The soil, in both greenhouses, is the typical layered soil used for horticultural crop in Almeria. The sand layer was 0.050 m, the organic layer 0.005 m, and the added soil layer 0.150 m. On the other hand, the added soil is different in both cases, and although both are of a clayey texture, B8 soil has 33% coarse materials (D > 0.002 m), and the one corresponding to greenhouse B7, only contains 3% coarse materials. The original material varied from sandy loam to clay loam as depth increased.
A vertical core was taken on each kind of soil and each sample was subdivided respecting the changes in material and in any case with a maximum thickness of 0.050 m. Each sample was dried in the laboratory and each subsample was analyzed separately. The gravel and coarse sand were separated by sieving at 0.002 m and 0.0005 m, the rest, the fine fraction, was analyzed by the Bouyoucos densimeter technique [38] to obtain the different textural classes (clay, silt, and sand). The variation of each fraction obtained as a function of depth is shown in Figure 4.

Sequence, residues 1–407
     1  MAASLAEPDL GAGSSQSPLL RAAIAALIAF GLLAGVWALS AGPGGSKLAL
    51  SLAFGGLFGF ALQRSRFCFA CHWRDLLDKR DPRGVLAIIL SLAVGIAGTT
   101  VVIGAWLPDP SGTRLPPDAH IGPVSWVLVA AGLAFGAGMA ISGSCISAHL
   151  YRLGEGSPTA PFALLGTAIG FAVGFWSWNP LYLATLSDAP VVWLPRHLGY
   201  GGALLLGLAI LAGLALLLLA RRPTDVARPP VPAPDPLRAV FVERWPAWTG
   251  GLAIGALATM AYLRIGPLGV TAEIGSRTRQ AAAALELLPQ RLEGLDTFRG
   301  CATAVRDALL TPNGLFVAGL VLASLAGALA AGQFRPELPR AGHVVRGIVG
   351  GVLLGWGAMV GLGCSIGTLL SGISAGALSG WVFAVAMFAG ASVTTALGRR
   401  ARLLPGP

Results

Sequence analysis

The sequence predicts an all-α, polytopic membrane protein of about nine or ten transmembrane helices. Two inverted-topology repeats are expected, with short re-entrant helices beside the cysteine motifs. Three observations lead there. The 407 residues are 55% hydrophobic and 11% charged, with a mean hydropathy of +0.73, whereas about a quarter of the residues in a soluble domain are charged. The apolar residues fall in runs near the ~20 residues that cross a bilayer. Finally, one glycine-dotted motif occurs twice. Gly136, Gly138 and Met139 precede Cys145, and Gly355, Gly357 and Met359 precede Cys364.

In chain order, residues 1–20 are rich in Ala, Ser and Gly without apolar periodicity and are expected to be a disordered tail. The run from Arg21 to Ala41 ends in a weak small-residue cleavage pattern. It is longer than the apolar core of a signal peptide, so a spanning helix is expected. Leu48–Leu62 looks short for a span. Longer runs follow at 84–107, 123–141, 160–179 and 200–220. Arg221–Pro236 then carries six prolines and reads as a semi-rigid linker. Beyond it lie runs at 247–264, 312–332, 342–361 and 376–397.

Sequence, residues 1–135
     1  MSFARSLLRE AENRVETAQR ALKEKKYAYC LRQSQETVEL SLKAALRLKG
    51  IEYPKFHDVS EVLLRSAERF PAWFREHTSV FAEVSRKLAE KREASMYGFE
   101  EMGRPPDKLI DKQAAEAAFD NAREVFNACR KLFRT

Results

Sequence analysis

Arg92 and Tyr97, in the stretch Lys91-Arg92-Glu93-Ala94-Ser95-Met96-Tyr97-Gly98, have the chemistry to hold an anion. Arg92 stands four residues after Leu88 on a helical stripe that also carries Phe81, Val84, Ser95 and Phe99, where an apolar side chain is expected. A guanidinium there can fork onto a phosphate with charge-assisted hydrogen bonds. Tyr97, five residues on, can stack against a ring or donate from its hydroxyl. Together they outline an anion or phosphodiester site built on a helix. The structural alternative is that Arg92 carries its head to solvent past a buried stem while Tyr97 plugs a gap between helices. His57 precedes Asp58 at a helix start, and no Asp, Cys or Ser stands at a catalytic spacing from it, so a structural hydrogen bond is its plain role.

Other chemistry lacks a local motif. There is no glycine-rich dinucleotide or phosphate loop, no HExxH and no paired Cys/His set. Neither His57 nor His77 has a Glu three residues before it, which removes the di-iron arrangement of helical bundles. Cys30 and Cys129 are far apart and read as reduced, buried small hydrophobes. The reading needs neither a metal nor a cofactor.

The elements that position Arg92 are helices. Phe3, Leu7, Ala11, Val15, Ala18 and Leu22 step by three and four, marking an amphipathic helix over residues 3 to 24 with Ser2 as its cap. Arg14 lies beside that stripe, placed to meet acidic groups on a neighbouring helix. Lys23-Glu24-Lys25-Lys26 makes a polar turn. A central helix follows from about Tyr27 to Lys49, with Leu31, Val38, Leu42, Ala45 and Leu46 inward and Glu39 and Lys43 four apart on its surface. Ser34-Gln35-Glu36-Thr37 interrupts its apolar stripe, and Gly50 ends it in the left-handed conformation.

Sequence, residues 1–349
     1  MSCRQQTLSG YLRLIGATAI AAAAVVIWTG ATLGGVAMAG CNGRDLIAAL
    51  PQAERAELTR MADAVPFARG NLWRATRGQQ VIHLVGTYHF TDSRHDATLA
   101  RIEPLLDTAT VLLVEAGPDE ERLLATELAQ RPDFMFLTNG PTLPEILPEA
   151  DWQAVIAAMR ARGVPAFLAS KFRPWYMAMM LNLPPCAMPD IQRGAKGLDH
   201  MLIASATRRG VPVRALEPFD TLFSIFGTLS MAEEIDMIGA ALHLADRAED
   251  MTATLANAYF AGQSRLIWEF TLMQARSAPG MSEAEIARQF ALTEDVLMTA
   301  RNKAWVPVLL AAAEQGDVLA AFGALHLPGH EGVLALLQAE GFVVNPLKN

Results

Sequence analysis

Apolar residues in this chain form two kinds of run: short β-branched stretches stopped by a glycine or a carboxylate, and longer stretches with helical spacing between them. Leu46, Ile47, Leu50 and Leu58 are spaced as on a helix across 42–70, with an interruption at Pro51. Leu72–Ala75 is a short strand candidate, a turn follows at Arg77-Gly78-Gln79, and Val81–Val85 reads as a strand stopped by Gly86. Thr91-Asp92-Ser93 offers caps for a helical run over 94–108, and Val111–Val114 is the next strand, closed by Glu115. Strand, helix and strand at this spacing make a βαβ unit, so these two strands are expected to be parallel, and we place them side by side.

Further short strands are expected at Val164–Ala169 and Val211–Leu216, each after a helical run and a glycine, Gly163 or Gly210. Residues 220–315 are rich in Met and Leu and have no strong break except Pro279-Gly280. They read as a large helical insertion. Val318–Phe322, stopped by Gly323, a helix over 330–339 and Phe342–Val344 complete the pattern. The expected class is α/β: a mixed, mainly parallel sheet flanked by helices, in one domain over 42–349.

From a textural point of view both soils are clayey in its contributed part and sandy loam in its basal part. This circumstance can lead to calculation errors since both are different in the distribution of the coarser elements. For this reason, it is necessary to measure the soil moisture retention curve.
The textures of the soils provided are representative of the horticultural crop of Almeria. The contributed soil with very few coarse elements, obtained by decanting clays from materials coming from quarries is called B7, and the soil with a clayey material coming directly from quarries and containing a considerable fraction of coarse materials is called B8. The original soil layer is highly permeable alluvial gravel. This soil allows the washing of salts, but requires a finer control of the irrigation water so that it is not lost excessively in the form of drainage.